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Roanoke: The Abandoned Colony 2nd Edition

4.2 out of 5 stars 14 customer reviews
ISBN-13: 978-0742552630
ISBN-10: 0742552632
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Editorial Reviews

Review

The definitive account of the 'lost colonists' of Roanoke. Karen Ordahl Kupperman tells a dramatic story of courage, greed, and misadventure. . . . Anyone curious about the enduring mysteries of Roanoke will enjoy Kupperman's book.--T. H. Breen

About the Author

Karen Ordahl Kupperman is Silver Professor of History at New York University. She is the award-winning author of Indians and English: Facing Off in Early America and Providence Island, 1630–1641: The Other Puritan Colony.
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Product Details

  • Paperback: 208 pages
  • Publisher: Rowman & Littlefield Publishers; 2 edition (January 18, 2007)
  • Language: English
  • ISBN-10: 0742552632
  • ISBN-13: 978-0742552630
  • Product Dimensions: 5.9 x 0.5 x 9 inches
  • Shipping Weight: 10.4 ounces (View shipping rates and policies)
  • Average Customer Review: 4.2 out of 5 stars  See all reviews (14 customer reviews)
  • Amazon Best Sellers Rank: #141,900 in Books (See Top 100 in Books)

Customer Reviews

Top Customer Reviews

By A Customer on November 9, 2001
Format: Paperback
I bought this book because I needed to write a book review for my American History review course. I was expecting to trudge through a hundred and some odd boring pages, but was pleasantly surprised.
It was very well written, and read more like a short novel than a history book. While providing information on the many people involved in the Roanoke adventures, it also reviewed the general socio-economic factors influencing American colonization in general. It really contained a ton of information on American colonization and the European factors behind it, and it presented it in such a way that it told a story, rather than simply jumping from time-period and event to time-period and event! (like many of those so called "textbooks")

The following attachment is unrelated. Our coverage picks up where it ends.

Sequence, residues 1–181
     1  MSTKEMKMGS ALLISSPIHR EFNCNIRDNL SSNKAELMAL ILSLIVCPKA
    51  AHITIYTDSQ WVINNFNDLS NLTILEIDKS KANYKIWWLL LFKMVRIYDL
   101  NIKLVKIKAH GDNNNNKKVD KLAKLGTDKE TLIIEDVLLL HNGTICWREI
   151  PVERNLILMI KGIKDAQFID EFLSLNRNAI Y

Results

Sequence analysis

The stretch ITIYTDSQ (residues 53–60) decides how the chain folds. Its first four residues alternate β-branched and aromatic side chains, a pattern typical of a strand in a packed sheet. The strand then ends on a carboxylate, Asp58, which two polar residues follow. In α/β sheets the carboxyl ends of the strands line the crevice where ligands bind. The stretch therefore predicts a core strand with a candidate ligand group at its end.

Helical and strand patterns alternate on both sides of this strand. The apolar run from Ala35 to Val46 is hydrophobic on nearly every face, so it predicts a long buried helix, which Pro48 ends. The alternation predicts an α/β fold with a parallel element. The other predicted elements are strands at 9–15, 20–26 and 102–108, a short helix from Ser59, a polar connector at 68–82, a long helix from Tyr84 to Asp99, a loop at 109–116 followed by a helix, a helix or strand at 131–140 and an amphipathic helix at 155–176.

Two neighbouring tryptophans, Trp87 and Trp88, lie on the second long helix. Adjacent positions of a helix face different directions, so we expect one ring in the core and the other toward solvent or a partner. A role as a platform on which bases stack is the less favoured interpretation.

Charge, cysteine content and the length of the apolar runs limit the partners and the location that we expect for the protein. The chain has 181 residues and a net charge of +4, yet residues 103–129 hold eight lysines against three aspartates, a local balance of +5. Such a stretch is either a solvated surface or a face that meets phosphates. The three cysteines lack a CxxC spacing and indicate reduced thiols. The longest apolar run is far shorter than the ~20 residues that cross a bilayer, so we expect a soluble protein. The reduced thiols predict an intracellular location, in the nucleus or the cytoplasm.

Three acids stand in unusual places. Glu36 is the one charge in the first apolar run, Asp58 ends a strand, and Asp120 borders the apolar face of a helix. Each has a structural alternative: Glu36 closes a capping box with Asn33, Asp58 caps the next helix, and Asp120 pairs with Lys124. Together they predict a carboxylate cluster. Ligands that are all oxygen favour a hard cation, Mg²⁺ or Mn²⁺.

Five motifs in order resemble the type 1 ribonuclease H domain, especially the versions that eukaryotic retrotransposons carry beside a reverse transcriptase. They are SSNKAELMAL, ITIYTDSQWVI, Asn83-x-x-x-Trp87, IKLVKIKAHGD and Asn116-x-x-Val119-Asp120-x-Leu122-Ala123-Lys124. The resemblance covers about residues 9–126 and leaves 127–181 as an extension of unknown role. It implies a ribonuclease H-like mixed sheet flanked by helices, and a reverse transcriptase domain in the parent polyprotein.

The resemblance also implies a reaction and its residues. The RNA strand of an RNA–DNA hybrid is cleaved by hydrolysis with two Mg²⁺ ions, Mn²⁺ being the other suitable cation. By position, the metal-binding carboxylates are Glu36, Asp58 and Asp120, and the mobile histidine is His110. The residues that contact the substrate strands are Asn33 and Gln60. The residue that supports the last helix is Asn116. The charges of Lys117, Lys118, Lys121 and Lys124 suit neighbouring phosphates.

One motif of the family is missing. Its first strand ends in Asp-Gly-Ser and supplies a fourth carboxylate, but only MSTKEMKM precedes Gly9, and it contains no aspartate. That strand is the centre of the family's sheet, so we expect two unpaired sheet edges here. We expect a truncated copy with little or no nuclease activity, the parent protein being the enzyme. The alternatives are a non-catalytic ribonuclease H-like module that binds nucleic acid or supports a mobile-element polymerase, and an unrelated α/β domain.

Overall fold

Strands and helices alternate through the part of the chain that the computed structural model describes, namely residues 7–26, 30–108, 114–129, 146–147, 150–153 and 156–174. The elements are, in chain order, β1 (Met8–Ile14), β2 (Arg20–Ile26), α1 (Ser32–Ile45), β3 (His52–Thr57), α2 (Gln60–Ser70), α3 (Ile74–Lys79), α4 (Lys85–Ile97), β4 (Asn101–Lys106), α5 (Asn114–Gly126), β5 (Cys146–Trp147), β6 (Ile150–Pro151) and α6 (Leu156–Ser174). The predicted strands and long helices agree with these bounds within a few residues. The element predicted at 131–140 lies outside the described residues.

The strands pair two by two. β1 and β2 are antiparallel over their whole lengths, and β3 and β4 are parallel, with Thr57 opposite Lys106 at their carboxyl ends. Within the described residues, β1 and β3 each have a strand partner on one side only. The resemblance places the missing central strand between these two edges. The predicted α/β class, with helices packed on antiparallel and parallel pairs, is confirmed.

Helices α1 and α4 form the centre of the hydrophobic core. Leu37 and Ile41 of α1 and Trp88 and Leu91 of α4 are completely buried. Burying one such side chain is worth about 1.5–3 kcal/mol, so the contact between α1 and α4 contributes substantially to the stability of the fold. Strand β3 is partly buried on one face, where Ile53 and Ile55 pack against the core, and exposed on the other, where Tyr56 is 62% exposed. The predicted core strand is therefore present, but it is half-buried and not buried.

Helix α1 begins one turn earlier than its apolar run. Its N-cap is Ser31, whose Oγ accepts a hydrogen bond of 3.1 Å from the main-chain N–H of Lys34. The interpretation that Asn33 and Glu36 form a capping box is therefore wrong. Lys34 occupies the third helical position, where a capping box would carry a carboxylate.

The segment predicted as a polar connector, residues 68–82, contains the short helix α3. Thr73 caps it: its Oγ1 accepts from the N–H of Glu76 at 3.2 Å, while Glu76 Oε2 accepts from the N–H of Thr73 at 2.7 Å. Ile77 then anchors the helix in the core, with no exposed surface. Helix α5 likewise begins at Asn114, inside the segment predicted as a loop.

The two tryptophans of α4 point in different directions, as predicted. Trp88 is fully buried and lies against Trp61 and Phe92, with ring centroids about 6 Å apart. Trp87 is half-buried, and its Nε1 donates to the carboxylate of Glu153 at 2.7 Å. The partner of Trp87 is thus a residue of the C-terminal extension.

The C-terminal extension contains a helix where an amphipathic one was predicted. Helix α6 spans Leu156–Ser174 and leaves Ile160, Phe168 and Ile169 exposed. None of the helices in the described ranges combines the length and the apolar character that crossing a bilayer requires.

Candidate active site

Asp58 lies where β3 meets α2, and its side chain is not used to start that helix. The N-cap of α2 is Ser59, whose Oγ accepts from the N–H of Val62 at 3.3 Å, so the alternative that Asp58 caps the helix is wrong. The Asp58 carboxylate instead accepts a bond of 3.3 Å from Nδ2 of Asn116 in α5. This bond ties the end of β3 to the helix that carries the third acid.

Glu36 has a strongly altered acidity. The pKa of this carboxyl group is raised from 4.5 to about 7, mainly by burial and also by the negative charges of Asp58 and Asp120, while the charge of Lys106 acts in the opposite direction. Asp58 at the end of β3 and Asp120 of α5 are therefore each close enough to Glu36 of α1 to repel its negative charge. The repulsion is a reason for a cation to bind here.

The author is a noted authority on the early contacts between Europeans and Native Americans.
Read it, you'll like it.
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Format: Paperback Verified Purchase
I'm not certain why, but books on the "lost" colony of Roanoke seemed to catch my eye, so I added several to my wish list. I selected Karen O. Kupperman's volume as the first to read and found it interesting and insightful.

Roanoke, the Abandoned Colony is a little old and reflects it's 1984 vintage. Settlement of the North and South American continents is described as having occurred by way of a "land bridge" during the glacial epic 10,000 to 40,000 years ago. Native people are depicted as having followed their game animals across the Bering Strait into the Americas. Today this is considered somewhat less likely than it was prior to the 1990s, and alternative possibilities are usually given in more recent works on the topic.

Once beyond the background history of the native population, however, the author is on firmer ground. The ample documentation of early English settlement provides her with evidence for a thorough discussion of the period. Much of her background information, however, is taken from secondary rather than primary sources. The notes to the edition contain references to works written in the 1960s, 70s, and 80's about Roanoke, Raleigh, the Southeastern Indians, and so on, rather than documents by early explorers, although she consults those doing original research with primary sources or with archaeological field data.